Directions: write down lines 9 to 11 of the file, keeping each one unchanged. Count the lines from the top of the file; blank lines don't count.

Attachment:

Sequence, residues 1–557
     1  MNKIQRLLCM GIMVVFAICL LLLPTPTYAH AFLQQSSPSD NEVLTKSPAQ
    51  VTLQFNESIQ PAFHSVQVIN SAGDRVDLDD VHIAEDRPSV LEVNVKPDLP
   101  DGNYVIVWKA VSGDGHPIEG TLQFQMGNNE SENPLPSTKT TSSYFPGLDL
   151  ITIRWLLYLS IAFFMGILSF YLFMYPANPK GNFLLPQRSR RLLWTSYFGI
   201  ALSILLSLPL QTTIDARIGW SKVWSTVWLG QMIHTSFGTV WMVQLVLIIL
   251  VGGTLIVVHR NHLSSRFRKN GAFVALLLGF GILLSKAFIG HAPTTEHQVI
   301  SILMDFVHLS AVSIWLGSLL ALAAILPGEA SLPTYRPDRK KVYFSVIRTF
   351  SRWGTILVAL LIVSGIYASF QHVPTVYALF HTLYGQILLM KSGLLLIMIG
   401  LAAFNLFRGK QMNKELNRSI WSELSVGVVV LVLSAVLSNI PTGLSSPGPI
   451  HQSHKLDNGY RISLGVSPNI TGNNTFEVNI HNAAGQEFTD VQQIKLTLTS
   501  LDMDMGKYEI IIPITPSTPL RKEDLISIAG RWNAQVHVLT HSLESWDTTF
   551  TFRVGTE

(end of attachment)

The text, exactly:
   351  SRWGTILVAL LIVSGIYASF QHVPTVYALF HTLYGQILLM KSGLLLIMIG
   401  LAAFNLFRGK QMNKELNRSI WSELSVGVVV LVLSAVLSNI PTGLSSPGPI
   451  HQSHKLDNGY RISLGVSPNI TGNNTFEVNI HNAAGQEFTD VQQIKLTLTS